The recent round of inconclusive fighting across the Gaza-Israel border prompts several observations about the outcome and possible implications for the future
Heller Mark A.
Israel’s Iron Dome rocket interception system underwent its first operational test and achieved some notable successes. It was able to discriminate between rockets likely to land in open areas and those headed for population centers, and to refrain from wasting itself on the former while intercepting about 80 percent of the latter. As a result, many Israeli fatalities and injuries were undoubtedly prevented and extensive property damage was avoided. That result validates the economic rationale of the project, despite the huge cost imbalance between cheap rockets and missiles coming out of Gaza and expensive interceptors sent up to destroy them.
Notwithstanding these successes, however, Iron Dome is not a strategic game-changer. Because the “leakage” rate remained close to 20 percent, warnings of hostile rockets and missiles still sent the civilian population into shelters and obliged the authorities to cancel public events and close schools, thereby forcing worried parents to stay away from work. Unless active defense is 100 percent effective, it will not eliminate the need for passive defense or prevent massive disruption of normal life inside the envelope of the rockets. Nor will it spare the government the need to take weighty strategic decisions that it would prefer to avoid. That was the result this time, not because Iron Dome destroyed 80 percent of the incoming rockets and missiles, but because the 20 percent that got through did not land on exposed concentrations of civilians. In other words, only sheer luck stood between government reluctance to embark on large scale escalation and irresistible domestic pressure to do so.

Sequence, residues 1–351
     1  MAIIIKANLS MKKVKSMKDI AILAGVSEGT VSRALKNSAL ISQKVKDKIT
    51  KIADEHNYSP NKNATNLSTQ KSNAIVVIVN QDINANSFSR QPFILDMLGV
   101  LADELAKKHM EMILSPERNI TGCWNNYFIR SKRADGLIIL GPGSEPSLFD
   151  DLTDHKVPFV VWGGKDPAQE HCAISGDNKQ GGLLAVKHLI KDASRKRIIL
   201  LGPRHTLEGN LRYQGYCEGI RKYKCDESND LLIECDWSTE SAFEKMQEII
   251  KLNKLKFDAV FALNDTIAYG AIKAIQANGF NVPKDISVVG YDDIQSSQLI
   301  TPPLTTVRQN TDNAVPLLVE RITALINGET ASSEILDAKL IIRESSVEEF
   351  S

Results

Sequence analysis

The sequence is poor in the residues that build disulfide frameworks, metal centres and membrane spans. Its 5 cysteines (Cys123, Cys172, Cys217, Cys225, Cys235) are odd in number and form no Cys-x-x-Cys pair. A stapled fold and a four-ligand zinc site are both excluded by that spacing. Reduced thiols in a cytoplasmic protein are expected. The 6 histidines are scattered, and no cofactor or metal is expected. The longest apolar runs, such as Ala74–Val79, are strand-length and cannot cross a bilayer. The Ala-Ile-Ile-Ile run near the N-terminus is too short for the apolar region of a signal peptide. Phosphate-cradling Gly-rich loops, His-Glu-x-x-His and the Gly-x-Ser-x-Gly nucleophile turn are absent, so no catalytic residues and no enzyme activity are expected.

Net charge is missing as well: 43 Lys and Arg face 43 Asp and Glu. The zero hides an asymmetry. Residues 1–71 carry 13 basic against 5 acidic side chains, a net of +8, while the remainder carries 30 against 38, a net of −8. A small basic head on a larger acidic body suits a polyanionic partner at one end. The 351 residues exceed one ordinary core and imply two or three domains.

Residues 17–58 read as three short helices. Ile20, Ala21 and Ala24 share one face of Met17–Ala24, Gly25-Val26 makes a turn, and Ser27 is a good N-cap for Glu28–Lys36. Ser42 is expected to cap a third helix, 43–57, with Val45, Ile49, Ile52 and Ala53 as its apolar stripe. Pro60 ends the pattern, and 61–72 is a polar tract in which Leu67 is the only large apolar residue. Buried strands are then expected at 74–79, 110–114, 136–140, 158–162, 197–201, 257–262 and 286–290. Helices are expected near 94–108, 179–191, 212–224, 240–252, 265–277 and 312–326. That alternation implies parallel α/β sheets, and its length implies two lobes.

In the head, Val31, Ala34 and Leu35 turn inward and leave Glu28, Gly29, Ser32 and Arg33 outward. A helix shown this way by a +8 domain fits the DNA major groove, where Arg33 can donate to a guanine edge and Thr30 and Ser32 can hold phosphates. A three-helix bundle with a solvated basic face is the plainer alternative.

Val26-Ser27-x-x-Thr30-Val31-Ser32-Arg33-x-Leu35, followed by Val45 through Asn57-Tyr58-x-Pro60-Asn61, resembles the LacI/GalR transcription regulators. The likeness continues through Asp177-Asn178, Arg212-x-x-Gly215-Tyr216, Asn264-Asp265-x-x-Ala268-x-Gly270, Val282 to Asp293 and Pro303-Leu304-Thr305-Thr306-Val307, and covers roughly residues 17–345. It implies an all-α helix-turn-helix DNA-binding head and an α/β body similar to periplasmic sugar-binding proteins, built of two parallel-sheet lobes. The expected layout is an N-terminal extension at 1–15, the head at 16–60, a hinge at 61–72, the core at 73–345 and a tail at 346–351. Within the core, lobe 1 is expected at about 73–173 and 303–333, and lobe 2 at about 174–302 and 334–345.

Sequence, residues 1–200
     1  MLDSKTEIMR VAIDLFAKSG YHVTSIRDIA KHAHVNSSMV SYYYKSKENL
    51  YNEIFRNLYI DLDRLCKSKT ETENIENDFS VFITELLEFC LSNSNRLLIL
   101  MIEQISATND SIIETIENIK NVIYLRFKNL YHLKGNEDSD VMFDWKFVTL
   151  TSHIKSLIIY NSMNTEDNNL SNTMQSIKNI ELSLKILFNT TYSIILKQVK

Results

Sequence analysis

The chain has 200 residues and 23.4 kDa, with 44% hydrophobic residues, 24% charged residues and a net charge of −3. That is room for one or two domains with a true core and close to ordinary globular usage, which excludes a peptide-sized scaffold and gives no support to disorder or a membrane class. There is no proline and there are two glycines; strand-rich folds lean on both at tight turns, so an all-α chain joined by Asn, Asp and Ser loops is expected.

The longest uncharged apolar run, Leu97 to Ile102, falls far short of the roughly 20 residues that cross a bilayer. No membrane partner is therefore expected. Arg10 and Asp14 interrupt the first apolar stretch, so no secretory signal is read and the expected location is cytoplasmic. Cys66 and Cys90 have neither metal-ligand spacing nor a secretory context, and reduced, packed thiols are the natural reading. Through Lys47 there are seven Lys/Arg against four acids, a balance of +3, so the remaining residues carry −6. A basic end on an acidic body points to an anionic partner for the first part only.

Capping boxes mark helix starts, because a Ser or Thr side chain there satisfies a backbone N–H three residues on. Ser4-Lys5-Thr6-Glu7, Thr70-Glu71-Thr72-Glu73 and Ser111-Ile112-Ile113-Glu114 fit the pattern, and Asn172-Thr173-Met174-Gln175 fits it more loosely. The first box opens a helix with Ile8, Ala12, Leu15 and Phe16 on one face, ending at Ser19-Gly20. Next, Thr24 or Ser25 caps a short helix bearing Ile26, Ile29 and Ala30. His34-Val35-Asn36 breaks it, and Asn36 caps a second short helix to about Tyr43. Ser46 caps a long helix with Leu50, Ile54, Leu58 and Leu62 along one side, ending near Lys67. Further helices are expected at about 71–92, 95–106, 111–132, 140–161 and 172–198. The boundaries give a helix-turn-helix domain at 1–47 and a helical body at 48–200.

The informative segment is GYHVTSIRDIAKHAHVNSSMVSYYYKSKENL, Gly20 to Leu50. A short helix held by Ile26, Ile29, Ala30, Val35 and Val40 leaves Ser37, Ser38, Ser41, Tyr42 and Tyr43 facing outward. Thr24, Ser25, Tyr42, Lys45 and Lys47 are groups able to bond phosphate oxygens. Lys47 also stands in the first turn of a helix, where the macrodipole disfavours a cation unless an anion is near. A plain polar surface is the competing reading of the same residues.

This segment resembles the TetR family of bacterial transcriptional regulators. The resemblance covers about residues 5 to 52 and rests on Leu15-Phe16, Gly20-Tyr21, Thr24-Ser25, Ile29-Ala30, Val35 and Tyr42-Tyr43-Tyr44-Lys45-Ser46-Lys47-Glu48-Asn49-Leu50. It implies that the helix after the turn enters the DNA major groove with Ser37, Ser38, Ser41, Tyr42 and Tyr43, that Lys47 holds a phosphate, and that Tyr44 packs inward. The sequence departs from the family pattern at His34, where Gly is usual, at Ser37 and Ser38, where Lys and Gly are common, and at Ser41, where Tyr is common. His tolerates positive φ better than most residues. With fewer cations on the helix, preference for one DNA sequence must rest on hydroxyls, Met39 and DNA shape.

Finally, 80 percent success is not enough to persuade those who launch rocket attacks from Gaza that there is no point in continuing (or in trying again on another occasion). Just as Iron Dome does not eliminate the need for passive defenses, neither does it provide deterrence by denial. Palestinian rocket attacks were ended this time (and will perhaps be deterred next time) only by offensive operations that kill or threaten to kill those directly involved and constitute a threat of unacceptable disruption or damage to the lives of their relevant constituents – the Palestinian public. In other words, coercion/deterrence by punishment remains the dominant motif in this discourse. In the last round, Israel retained a credible threat of escalation because large scale Palestinian civilian damage and casualties had not yet been inflicted and because international attention to this part of the world was distracted by Syrian President Bashar al-Assad and Iranian Supreme Leader Ali Khamenei. Circumstances might be different in a future round.
Egypt as intermediary